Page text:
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By David Poland poland@moviecitynews.com

BYOB: Are Movies Still As Relevant As They Were In 2004, 1994, 1984, 1974???

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34 Responses to “BYOB: Are Movies Still As Relevant As They Were In 2004, 1994, 1984, 1974???”

  1. Stella's Boy says:

    10 years ago I was basically living at Blockbuster and a few movie theaters. On average I saw 2-3 movies a week in theaters, and I rented anything that didn’t play near me or went straight-to-DVD. I didn’t watch that much TV outside of HBO shows. What a difference two kids makes. I hardly ever see a movie in theaters anymore, and I watch way more TV than movies now (something I would have laughed at 10 years ago). I wish I saw more movies, but it’s hard when you have two small children. TV is just easier, and there is so much good TV now. I can fast-forward commercials and slip in a show after the kids are in bed. Films aren’t as relevant to me as they used to be, but that’s not because I want it that way. Hopefully when the kids are a little older I see more movies in theaters again.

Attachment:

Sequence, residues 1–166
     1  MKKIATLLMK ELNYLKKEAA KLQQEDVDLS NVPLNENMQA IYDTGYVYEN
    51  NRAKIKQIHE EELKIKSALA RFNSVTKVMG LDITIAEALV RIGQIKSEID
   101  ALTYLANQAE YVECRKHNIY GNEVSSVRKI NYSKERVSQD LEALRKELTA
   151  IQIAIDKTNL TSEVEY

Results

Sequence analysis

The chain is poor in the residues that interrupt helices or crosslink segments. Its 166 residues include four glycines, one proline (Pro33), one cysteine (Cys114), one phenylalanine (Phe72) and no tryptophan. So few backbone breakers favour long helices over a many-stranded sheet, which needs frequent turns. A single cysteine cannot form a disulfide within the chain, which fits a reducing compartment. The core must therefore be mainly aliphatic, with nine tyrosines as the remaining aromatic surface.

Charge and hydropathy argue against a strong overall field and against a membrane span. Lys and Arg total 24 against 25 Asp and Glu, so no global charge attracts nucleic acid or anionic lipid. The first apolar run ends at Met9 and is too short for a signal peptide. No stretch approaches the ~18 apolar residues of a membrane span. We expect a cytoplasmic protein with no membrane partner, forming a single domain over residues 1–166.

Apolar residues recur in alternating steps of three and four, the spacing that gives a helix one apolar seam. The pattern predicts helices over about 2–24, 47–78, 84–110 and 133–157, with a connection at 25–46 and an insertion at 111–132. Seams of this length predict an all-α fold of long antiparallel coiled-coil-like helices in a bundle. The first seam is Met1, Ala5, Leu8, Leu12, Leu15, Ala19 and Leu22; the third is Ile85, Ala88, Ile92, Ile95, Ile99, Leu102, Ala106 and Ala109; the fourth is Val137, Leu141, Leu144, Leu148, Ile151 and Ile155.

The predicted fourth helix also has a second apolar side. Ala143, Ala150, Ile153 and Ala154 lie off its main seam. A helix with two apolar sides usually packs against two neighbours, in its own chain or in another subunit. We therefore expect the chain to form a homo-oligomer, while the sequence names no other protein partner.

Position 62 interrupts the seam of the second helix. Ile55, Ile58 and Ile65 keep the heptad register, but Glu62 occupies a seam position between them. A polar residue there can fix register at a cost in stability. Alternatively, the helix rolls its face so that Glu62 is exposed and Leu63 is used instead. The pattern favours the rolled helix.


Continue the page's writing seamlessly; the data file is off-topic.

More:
2. film fanatic says:

    Instead of making the usual arguments about relative quality, the blockbuster/comic book mentality, more entertainment options competing for eyeballs, etc., I’d like to propose that the perceived lack of “relevance” has a lot to do with where click-happy print/digital media outlets marshal their resources for writing about/discussing popular culture.

    There is much talk of the “golden age of television” and also a lot of “tv is better than movies” stances these days. And while, yes, there are some shows now that are “better” than the norm of years past, the general ratio of good shows to shit is about where it’s always been. Same for the general ratio of good movies to shit.